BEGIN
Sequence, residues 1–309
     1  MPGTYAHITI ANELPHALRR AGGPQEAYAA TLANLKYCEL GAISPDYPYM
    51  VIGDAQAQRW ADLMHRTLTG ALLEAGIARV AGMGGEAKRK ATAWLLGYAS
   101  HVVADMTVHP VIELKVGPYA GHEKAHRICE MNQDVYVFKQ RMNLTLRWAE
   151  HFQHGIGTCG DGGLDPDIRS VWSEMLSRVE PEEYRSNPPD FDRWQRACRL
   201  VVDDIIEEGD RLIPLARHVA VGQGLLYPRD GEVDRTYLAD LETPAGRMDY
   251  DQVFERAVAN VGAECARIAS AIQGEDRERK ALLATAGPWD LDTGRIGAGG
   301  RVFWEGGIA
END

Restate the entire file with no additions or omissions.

Sequence, residues 1–309
     1  MPGTYAHITI ANELPHALRR AGGPQEAYAA TLANLKYCEL GAISPDYPYM
    51  VIGDAQAQRW ADLMHRTLTG ALLEAGIARV AGMGGEAKRK ATAWLLGYAS
   101  HVVADMTVHP VIELKVGPYA GHEKAHRICE MNQDVYVFKQ RMNLTLRWAE
   151  HFQHGIGTCG DGGLDPDIRS VWSEMLSRVE PEEYRSNPPD FDRWQRACRL
   201  VVDDIIEEGD RLIPLARHVA VGQGLLYPRD GEVDRTYLAD LETPAGRMDY
   251  DQVFERAVAN VGAECARIAS AIQGEDRERK ALLATAGPWD LDTGRIGAGG
   301  RVFWEGGIA